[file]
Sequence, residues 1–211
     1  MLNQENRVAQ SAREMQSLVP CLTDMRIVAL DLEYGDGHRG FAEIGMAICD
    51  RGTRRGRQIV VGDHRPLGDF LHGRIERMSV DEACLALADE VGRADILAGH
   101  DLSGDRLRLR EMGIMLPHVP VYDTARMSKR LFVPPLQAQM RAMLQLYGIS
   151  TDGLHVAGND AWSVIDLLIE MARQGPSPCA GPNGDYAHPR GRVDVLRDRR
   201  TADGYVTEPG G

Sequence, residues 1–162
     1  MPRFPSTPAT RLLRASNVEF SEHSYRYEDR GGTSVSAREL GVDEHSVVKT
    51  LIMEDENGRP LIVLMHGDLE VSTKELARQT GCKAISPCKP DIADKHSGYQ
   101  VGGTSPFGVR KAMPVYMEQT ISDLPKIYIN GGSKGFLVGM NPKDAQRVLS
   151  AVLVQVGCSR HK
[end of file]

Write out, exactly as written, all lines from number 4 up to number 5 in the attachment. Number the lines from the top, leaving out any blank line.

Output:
   101  DLSGDRLRLR EMGIMLPHVP VYDTARMSKR LFVPPLQAQM RAMLQLYGIS
   151  TDGLHVAGND AWSVIDLLIE MARQGPSPCA GPNGDYAHPR GRVDVLRDRR